When using a guitar amplifier, one of the main settings you are likely to use is called ‘gain’. Yet, despite its importance, many people are unsure of what amplifier gain actually is and how it is used. In particular, there is often confusion about gain vs volume and how these two settings differ from one another.
This confusion is easy to understand because gain and volume do have similarities. Nevertheless, there are also some crucial differences too. In this article, we attempt to answer the following questions: what is gain on an amp? What does gain do on an amp? How does gain differ from volume? And how do you set gain on an amp, to optimize your sound?
Understanding Amps: Preamp and Poweramp Stages
So, to start with, what is gain on a guitar amp? First, it is useful to understand how an amplifier actually works. Before you actually hear it, your guitar’s sound goes through two main stages: the preamp stage and the poweramp stage.
The preamp stage centres around amplification of the electrical signals from your guitar. Gain belongs to this stage and describes how ‘loud’ the signal is before it is processed. Gain may also be referred to as ‘drive’ and a high level of drive produces ‘overdrive’, which is commonly known as distortion.
Meanwhile, the poweramp stage is the stage that occurs after the electrical signal is processed, and the concept of volume belongs in this phase of the signal’s journey. If the preamp stage is about creating the overall makeup of your sound, the poweramp stage is more about how strong that sound is.
Another way to think of this is as follows: gain is mainly concerned with the decibel input for your guitar and amplifier setup, whereas volume is concerned with the decibel output from your guitar and amplifier.
Gain vs Volume: What is the Practical Difference?
Now that you have a basic understanding of how amplifier gain and volume differ from one another in a theoretical sense, it is important to take this a step further and consider the practical differences. What does gain do on an amp? Understanding the answer to this question can be important for getting the most out of your guitar.
As stated, the gain setting is a control for how hard you push the preamp stage. Essentially, it can be thought of as a control for tone and sound clarity, rather than a direct control for how loud the final sound is to you. In other words, your gain setting determines how clean or dirty your final mix is.
With that being said, a high gain setting can result in a change to the final volume of the mix. This is why gain is sometimes mistakenly thought of as a second volume setting. While extra volume is a consequence of adjusting your gain setting, it is not the main purpose, and raising the gain setting will also add a ‘dirtiness’ to the tone.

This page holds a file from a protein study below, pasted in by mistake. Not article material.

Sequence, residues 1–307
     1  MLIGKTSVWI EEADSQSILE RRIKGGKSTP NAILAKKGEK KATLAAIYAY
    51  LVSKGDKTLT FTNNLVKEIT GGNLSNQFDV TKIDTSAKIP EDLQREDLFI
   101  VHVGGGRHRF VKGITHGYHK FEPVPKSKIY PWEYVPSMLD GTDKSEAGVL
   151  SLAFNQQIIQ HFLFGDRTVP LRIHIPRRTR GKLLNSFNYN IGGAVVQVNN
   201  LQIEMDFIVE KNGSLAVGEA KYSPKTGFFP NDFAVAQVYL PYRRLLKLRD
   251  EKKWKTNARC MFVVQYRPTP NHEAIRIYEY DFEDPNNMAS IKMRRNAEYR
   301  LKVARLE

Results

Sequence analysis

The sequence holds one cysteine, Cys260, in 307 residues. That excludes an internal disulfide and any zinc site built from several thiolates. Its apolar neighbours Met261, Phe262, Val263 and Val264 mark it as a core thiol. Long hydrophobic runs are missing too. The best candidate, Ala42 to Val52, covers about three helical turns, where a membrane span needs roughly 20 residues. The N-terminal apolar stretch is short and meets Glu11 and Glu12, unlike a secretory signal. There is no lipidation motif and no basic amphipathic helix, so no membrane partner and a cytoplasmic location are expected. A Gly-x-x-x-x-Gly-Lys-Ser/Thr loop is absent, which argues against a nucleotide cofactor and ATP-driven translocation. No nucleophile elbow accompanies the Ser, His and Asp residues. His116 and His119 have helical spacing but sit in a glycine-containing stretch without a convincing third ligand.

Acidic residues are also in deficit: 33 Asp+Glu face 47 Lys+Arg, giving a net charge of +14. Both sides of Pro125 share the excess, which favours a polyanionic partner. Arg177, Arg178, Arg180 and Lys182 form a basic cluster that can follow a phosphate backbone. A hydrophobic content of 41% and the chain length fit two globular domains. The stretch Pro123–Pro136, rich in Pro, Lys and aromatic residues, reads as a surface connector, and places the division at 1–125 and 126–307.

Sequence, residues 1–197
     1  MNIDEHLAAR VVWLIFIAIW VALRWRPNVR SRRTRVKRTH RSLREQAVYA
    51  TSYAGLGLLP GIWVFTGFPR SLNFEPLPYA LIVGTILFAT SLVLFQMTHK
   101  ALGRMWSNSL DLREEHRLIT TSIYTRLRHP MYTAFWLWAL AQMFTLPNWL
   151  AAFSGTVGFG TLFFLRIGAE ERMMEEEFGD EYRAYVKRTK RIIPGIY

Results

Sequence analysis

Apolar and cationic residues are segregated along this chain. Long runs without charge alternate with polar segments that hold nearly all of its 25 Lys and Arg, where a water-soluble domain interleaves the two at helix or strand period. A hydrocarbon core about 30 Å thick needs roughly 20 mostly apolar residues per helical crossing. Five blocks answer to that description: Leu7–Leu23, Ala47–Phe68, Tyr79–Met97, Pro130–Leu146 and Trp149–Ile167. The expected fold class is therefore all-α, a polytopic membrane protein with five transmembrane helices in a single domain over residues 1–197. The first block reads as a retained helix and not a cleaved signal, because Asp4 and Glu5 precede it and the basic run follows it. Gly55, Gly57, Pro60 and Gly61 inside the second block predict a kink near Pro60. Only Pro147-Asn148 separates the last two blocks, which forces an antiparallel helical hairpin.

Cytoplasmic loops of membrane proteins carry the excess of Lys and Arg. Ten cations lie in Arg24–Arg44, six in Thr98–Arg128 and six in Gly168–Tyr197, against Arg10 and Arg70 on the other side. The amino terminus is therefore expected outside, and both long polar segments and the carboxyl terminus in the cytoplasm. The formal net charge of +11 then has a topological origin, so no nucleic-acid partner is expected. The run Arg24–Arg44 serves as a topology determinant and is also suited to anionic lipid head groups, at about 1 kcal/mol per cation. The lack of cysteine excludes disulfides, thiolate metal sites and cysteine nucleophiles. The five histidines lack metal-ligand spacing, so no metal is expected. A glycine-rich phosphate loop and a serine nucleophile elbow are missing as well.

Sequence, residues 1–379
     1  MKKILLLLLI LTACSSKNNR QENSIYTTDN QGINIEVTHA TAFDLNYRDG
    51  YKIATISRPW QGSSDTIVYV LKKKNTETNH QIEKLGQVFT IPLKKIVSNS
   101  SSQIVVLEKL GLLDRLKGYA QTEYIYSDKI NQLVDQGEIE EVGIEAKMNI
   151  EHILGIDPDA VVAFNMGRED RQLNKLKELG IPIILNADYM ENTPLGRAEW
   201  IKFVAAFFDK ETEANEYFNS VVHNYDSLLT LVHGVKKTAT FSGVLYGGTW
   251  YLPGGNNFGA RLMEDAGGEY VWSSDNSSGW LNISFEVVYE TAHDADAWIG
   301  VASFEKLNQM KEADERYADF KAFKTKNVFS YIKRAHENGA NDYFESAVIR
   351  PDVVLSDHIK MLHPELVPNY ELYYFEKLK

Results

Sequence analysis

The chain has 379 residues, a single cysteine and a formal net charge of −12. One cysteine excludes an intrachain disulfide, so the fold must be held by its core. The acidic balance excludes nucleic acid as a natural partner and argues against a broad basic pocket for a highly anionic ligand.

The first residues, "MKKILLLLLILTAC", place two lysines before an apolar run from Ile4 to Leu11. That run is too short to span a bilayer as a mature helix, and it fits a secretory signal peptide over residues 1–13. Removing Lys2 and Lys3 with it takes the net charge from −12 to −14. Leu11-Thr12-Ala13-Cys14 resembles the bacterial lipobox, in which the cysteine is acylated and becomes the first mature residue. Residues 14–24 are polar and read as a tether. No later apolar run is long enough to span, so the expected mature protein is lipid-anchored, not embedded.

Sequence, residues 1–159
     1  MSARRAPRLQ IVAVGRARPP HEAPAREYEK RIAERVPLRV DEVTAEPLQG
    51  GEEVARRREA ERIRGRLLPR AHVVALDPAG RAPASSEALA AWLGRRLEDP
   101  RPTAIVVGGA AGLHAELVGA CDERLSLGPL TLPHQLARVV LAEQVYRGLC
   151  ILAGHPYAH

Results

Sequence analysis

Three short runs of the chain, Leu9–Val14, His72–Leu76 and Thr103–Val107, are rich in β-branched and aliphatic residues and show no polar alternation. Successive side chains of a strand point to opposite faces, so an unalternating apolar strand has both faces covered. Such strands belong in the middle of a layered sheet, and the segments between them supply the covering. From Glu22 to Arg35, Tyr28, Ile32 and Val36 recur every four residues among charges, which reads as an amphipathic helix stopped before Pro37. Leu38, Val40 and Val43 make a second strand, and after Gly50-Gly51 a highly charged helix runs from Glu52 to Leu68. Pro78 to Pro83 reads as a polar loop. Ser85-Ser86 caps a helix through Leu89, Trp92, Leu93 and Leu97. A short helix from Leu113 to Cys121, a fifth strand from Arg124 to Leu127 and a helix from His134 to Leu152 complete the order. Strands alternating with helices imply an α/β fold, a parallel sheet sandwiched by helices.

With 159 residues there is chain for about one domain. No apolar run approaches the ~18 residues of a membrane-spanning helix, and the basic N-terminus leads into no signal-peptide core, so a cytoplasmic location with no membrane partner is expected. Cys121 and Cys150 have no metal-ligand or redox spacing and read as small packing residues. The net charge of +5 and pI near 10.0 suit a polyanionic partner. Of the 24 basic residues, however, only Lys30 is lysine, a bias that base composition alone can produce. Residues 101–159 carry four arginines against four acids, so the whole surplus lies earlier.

By contrast, volume is a control for the output channel and refers to how loud the final sound is. A low volume setting will result in a quieter sound, while a high volume setting will result in the final mix being louder. Even if your gain setting is set to the minimum setting, you can produce a loud final mix by turning the volume up.
How to Set Gain on an Amp: High Gain vs Low Gain
With an understanding of the preamp and poweramp stages, as well as an understanding of the practical differences between gain and volume on an amp, it is time to cover how to set gain on an amp. Of course, the precise settings you opt for here will depend on the type of sound you are looking for, but it pays to understand the basic principles.
First, it is worth stressing the high gain vs low gain point again. A high gain setting on your amplifier will result in the final mix having a dirtier tone and, at the highest levels, distortion will be present. On the other hand, a lower gain setting will be free from this kind of distortion, resulting in a cleaner tone.
Some styles of music are characterized by the presence of distortion. For instance, you might opt to have a high gain setting on your amp if you are playing blues, hard rock, punk rock, or heavy metal. However, many other styles of music tend to sound better with a cleaner tone, where there is less distortion present in the final mix.
Regardless of how high or low the gain is set on your amp, adjusting your volume will affect loudness. However, a high gain can result in the final mix sounding even louder still.
Most guitarists experiment with different levels of gain and different levels of volume, in order to create the sound they are looking for. It is also worth noting that distortion can also be introduced in other ways too, such as through the use of specialized distortion pedals.
Final Thoughts on Gain and Volume
When using a guitar amplifier, you are likely to notice settings for both ‘gain’ and ‘volume’ – although gain is sometimes labeled as ‘drive’ or ‘distortion’ instead.
Many guitarists are broadly aware of how these settings alter their sound, but they do not necessarily understand the fundamental difference between the two. As a result, it is quite common for people to think of both gain and volume as controls for loudness.
To be clear, volume is a control for how loud your final sound is, while gain can also have an influence on this too. A high gain and high volume output will usually sound louder than a high volume and low gain output will. However, gain is primarily an input setting, and volume is primarily an output setting.
Crucially, if volume controls how loud the sound is, gain can be thought of as more of a control for tone. A high gain setting will sound dirty and result in distortion, while a low gain setting will produce a smoother clean tone.